When viruses only travelled from computer to computer via floppy disks, protecting PCs from malware was pretty straightforward: samples would be caught “in the wild”, a signature taken, the anti-virus software updated once a month - if at all - via a mailed-out disk and that would pretty much be the end of it.
Furthermore, all the anti-virus software needed to check was executables.
With just the one “attack vector” mode of infection and limited ability to do much more than self-replicate, most people didn’t bother with anti-virus software.
Today, though, when every PC is internet-connected and the “payload” could be embedded in web-page code the user does not even know is being downloaded and executed, the threats have both multiplied and become stealthier.
But more and more specialists are suggesting that anti-virus software is struggling to keep up; indeed, that it is failing in its primary task of protecting PC users, despite innovations such as “heuristic detection”, for example, which looks for potentially malicious patterns in code.
“I think that anti-virus software has become more sophisticated, but most of the detection still relies on known patterns. Vendors have become better at creating their patterns, but it is still inadequate considering the current rate of malware generation,” says Imperva chief technology officer Amichai Shulman.
The challenges are manifold: it’s not just the number and power of third-party applications that can run files that may not be as safe as the user anticipates, such as Adobe Acrobat or Oracle Java, but the way in which the virus writers have remained one step ahead of the software vendors.
For example, when a supposedly state-inspired malware attack on Iran’s Natanz uranium enrichment facility was launched more than six years ago, it was years before the attack was uncovered - despite the fact that it had leaked into the wider world via its USB stick propagation.
Mikko Hypponen, chief security officer of Finnish anti-virus software vendor F-Secure, even wrote a mea culpa published in the magazine Wired, entitled “Why anti-virus companies like mine failed to catch Flame and Stuxnet”. In it, he explained how the malware code had been written to look more like a business database application than a harmful piece of code.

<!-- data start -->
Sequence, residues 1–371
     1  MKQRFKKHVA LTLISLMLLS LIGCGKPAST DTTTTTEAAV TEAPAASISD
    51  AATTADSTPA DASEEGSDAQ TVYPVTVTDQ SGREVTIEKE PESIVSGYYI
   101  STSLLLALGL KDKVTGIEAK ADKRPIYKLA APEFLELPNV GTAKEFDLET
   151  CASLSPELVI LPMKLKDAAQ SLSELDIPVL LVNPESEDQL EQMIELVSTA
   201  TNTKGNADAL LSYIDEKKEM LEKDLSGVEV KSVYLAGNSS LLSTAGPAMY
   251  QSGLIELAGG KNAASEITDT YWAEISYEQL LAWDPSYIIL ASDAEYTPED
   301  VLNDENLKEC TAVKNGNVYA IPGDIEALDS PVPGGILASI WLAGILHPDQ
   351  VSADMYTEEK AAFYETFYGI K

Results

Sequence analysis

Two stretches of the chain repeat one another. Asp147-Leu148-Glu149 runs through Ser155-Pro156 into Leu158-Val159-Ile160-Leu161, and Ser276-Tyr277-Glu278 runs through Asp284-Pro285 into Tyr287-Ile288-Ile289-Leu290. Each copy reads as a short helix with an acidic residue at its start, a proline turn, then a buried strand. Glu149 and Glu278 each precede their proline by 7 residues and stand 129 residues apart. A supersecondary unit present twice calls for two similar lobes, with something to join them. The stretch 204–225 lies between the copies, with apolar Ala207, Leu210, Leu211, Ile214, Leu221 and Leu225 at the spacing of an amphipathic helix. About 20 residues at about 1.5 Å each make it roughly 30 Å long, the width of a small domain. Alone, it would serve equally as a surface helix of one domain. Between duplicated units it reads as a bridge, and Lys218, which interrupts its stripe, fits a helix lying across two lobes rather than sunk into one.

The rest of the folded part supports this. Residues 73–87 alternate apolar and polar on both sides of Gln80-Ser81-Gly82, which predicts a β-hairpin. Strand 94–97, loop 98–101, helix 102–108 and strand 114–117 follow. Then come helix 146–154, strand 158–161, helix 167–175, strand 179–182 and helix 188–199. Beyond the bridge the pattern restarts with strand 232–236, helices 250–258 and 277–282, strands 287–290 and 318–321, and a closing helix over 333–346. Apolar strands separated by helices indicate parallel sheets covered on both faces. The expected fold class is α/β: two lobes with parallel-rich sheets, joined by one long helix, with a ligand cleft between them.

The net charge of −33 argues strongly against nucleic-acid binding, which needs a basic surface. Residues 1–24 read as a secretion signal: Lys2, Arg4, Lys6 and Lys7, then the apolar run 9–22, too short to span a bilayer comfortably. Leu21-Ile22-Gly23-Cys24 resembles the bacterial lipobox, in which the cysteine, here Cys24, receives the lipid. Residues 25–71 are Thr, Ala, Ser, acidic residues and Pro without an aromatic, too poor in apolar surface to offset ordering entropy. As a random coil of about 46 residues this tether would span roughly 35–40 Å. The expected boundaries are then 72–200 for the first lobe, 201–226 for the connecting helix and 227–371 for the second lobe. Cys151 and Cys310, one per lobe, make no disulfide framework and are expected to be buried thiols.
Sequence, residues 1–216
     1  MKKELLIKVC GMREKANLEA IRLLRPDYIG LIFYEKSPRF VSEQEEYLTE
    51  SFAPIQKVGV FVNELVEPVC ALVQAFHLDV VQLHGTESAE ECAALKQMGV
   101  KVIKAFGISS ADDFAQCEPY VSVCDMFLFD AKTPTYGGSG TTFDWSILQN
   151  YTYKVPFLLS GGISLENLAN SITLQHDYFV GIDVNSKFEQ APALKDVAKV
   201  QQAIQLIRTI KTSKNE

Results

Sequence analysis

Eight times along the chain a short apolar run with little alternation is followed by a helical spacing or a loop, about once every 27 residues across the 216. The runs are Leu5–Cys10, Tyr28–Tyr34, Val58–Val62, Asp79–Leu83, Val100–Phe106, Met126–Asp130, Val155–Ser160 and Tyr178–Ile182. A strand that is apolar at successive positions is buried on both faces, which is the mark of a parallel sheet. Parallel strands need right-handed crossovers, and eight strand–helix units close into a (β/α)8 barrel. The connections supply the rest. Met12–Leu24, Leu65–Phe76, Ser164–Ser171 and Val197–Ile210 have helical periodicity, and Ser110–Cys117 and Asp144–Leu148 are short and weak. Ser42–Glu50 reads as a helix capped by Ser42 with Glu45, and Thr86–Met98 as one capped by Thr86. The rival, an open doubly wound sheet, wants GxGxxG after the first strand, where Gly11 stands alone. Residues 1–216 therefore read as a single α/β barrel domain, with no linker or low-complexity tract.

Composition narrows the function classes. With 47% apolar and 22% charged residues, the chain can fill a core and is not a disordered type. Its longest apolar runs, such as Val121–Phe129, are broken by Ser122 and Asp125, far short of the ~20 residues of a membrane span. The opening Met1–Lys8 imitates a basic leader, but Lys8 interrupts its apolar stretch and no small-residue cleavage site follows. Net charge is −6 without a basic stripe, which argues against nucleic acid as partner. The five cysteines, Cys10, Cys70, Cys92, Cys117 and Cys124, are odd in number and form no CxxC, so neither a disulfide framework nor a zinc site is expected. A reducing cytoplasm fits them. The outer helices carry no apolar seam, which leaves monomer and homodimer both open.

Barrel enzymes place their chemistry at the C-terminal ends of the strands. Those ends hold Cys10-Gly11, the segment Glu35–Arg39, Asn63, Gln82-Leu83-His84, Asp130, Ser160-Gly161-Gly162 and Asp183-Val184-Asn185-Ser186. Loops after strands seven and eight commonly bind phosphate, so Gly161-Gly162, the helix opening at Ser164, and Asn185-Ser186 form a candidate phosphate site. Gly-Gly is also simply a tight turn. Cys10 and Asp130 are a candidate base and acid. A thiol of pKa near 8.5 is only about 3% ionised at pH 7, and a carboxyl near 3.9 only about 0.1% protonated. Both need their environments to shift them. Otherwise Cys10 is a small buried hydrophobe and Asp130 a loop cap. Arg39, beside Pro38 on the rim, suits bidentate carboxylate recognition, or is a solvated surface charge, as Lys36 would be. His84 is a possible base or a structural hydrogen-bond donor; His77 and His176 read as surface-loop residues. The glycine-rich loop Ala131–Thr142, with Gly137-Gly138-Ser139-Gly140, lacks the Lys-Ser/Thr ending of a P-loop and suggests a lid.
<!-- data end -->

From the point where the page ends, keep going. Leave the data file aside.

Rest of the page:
He wrote: “The truth is, consumer-grade anti-virus products can’t protect against targeted malware created by well-resourced nation-states with bulging budgets. They can protect you against run-of-the-mill malware: banking trojans, keystroke loggers and email worms. But targeted attacks like these go to great lengths to avoid anti-virus products on purpose. And the zero-day exploits used in these attacks are unknown to anti-virus companies by definition.”
In other words, if malware writers try hard enough, they can always evade detection. Crucially, if the attackers just target a specific organisation, such as a bank, government department or technology company, their attack may lie undiscovered for years - anti-virus software vendors’ detection signatures are only written after a virus has propagated in the wild or been uploaded to a hackers’ forum.
That point was brought home in a study by Technion, the Israel Institute of Technology, for Imperva. It sought to test a number of the best-known anti-virus software vendors ability to detect newly created viruses and concluded the initial detection rate was little better than five per cent.
That may be fine for consumer PC protection, but for protecting sensitive corporate or government data assets that might be specifically targeted by attackers - for espionage or profit - the protection that model affords is less certain.
But according to Imperva’s Shulman, organisations are spending inordinate amounts of money on anti-virus software - as much as one-third of all security spending, or $7.4bn (£4.6bn) out of total annual spending on anti-virus software of $17.7bn (£11bn), according to analysts Gartner.
“There are many additional security ‘layers’ that are required in order to mitigate the threat today. Those layers don’t get enough attention and funding because so much of the security budget is going on solutions like anti-virus, or their deployment and management costs,” says Shulman.
In other words, organisations are focusing so much attention and resources on conventional anti-virus software that they are neglecting other defences and not adapting to the changing nature of the threats they face.
Anti-virus software, though, remains an appealing investment because of the very public nature of a virus outbreak at any organisation.
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A discussion of the "risk perception gap", its implications and how it can be closed